By Jim Schutze
By Rachel Watts
By Lauren Drewes Daniels
By Anna Merlan
By Lee Escobedo
Cowboys suck: I gotta say, having been raised in Northeast Philly for a good deal of my life and having "bled Eagles green" for all of my 34 years, your article really hit close to home ("Good Grief," by John Gonzalez, February 10). Loved it.
Our family moved down here back in '93 from South Jersey, and we never abandoned our beloved Eagles in favor of the dreaded Dallas Cowboys. Sure, we took our beatings (remember the Kotite years?), but as you know, having been raised in Philly, two of the first words out of your mouth as an infant were probably "Cowboys suck!" Besides, if we happened to beat the Cowboys during the regular season, that was like winning the Super Bowl for us. Sad but true.
Also, like your dad, my father was the biggest Eagles fan around and sadly passed away in September. We thought if there was a chance the "old man could pull it off with the Powers That Be" and have the Eagles win the Super Bowl, this would be the year. Alas, apparently he didn't have quite that much pull--yet. But you gotta give my dad credit--we were so damned close!
Oh, hell, here I go yet again...
BUT WAIT TILL NEXT FREAKIN' YEAR! SUPER BOWL BOUND!
Fly, Ea-gles, fly...
Sobering story: I wanted to commend you on your excellent journalism re: "Right Hand of God" (by Robert Wilonsky, February 17). I am an active moderate Democrat working to rebuild grassroots organizations in the Dallas-Fort Worth metroplex, and this is an educational and sobering piece of work. I was a founder and coordinator of General Wesley Clark's campaign when he was running for president.
Your writing certainly puts into perspective the work we have cut out for us to counter this religious revolution in politics. Once again, thank you and keep up the great work.
Morr, Morr, Morr
I do have a heart: This homeless thing is waaay touchy.
Sandra Garratt (Letters, February 10), since your opinion seemed to be based on, er, your opinion, let's help clarify your position by gathering the following stats: How many people died of starvation in New York City last month? Get that figure first, and then take it statewide. Oh, what the heck, let's get the number nationally over the last 12 months. Surely it's in the hundreds of thousands. Either that, or zero.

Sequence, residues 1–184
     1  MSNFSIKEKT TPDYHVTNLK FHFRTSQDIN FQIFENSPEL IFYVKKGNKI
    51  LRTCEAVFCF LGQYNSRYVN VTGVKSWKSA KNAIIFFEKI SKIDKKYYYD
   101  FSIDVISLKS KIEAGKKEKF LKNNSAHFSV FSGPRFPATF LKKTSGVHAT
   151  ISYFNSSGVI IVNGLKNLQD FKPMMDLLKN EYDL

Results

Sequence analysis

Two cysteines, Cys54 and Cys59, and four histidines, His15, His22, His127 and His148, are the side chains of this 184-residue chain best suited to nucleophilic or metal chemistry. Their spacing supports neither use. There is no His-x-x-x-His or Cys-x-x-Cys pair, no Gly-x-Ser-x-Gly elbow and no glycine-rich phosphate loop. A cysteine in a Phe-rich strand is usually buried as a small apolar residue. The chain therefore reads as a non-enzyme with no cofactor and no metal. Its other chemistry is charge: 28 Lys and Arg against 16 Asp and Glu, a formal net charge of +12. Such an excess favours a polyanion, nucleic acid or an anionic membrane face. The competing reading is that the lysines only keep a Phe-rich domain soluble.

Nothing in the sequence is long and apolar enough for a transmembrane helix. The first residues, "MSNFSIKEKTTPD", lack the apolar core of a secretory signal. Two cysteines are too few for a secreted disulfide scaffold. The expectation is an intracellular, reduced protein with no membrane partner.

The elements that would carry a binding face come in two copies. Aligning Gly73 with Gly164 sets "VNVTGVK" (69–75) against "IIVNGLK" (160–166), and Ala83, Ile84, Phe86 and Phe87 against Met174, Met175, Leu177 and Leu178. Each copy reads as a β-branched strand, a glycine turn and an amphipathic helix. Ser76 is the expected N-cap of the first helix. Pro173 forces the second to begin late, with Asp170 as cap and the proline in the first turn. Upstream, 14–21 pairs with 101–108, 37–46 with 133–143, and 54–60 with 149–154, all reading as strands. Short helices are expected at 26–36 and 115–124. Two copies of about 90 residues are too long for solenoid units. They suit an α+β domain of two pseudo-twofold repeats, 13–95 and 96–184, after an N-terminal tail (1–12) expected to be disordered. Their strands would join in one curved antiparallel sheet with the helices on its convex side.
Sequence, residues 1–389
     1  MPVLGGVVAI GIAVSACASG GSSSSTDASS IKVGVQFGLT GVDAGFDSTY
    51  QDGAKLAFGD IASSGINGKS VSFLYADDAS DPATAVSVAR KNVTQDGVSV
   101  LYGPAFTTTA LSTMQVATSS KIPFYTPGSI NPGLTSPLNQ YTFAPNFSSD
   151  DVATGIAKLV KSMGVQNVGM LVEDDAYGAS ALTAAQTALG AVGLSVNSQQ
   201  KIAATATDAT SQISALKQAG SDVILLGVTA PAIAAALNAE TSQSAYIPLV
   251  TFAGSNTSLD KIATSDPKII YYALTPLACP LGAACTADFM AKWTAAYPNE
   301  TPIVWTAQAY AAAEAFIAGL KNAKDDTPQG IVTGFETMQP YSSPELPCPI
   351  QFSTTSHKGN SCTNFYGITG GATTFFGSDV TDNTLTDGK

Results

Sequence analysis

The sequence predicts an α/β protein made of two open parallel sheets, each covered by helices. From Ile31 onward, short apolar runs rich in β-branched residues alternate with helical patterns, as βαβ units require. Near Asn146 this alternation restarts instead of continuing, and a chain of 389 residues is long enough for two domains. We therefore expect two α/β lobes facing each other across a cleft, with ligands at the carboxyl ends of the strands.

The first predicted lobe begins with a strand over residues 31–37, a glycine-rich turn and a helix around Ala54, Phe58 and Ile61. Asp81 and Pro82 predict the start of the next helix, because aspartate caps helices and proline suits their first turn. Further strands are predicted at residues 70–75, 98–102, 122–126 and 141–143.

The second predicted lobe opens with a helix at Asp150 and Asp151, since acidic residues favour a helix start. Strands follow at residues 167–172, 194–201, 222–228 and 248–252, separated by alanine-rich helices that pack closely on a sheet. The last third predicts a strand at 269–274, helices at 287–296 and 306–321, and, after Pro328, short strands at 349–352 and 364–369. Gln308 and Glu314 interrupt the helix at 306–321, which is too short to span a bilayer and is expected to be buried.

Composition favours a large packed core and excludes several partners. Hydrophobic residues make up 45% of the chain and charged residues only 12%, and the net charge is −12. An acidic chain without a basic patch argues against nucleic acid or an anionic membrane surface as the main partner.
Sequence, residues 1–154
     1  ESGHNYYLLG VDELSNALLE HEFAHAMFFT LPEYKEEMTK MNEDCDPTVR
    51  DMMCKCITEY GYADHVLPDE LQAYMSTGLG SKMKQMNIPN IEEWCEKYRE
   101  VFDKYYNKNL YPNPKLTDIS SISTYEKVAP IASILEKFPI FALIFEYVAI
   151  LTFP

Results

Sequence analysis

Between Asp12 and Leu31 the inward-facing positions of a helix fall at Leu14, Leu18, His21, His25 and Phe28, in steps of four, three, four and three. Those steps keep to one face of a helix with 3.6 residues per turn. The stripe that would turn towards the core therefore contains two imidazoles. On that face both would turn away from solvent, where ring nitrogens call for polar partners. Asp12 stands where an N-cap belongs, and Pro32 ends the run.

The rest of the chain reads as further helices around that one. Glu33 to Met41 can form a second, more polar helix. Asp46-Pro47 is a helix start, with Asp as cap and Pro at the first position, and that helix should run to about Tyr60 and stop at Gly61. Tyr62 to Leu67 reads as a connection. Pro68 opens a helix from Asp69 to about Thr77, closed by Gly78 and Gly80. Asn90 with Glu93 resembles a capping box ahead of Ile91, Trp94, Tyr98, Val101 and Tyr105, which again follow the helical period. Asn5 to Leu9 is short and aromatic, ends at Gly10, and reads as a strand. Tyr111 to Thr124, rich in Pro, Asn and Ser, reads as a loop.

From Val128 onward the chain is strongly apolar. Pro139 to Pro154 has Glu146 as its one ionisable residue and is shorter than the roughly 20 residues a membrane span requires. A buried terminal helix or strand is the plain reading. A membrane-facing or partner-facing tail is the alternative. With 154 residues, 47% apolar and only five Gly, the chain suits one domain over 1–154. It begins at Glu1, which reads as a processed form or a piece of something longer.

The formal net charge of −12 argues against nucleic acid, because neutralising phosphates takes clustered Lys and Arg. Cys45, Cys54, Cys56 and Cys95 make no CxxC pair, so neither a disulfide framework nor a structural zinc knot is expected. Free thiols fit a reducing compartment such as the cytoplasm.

And Linda Hack (Letters, February 17), time to check the reality check. If you've been waiting eight years for your SSI benefits, and this is George Bush's fault (he hates you), isn't Bill Clinton responsible for four years of your angst? Considering your stated spending habits of years past and your current post-accident position, I would say that your insurance company and investment counselor are more to blame for your financial crash. I don't know if you're attributing your homelessness more to your injury or the GOP, but a friend of mine was also involved in a car accident resulting in his paraplegia, and he leads a remarkably normal life. (It's curious to me that as an "internationally recognized person of accomplishment," a Google search of "Judge Linda Hack" returned only two results. By contrast, I searched the name of a local circuit judge I'm acquainted with, and while he would never claim any fame at all, Google came back with 270 items relating to him.)
Lest I be too harshly criticized, I'd like to point out that I am not without heart for the underprivileged. I have spent many, many holidays serving meals at homeless shelters in Dallas and Houston. I've participated in work projects at the Dallas Life center and the Ruff House in South Dallas. I send money to a homeless mission downtown. Why? Because there are people who are homeless for legitimate reasons. But nothing that I've seen domestically even comes close to the abject poverty I witnessed while on volunteer work projects in Guatemala City, where thousands of people live in the city dump. Their homes are made of garbage, as are many of their meals. They're born in the dump, they grow up in the dump, get married, have children and die in the dump. Even more abstract is the poverty in countless areas across the globe, where the prospect of having an income is a cruel impossibility and a move to a dump in Guatemala would be a vast improvement.
Really, this isn't about a woman in NYC whom I'll never meet, or a former judge whom I don't want to meet because she wishes me great harm. It's about looking beyond the borders of this country, seeing how most of the world population exists, contemplating that a person on welfare in America is in the top 4 percent of world wealth, watching millions immigrate here because work is available, and realizing that we've got it pretty awesome here in Dallas, even if you're dining at the Stewpot.
Anyone but Miller
Draft the dogcatcher: In Jim Schutze's February 10 column ("The Pearls") an excellent point was brought up: What if Laura Miller was not involved in Blackwood's strong-mayor issue? I'd say GREAT!!! In fact, if there were a race between Laura Miller and the city dogcatcher for mayor, I'd vote for the dogcatcher, because anyone is better than Ms. Miller.